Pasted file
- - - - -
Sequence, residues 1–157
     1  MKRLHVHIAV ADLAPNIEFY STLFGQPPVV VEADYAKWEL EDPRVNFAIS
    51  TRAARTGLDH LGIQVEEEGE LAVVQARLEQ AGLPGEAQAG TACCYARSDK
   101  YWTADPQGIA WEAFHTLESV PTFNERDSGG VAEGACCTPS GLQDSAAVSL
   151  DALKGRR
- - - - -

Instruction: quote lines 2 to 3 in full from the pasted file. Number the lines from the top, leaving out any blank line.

     1  MKRLHVHIAV ADLAPNIEFY STLFGQPPVV VEADYAKWEL EDPRVNFAIS
    51  TRAARTGLDH LGIQVEEEGE LAVVQARLEQ AGLPGEAQAG TACCYARSDK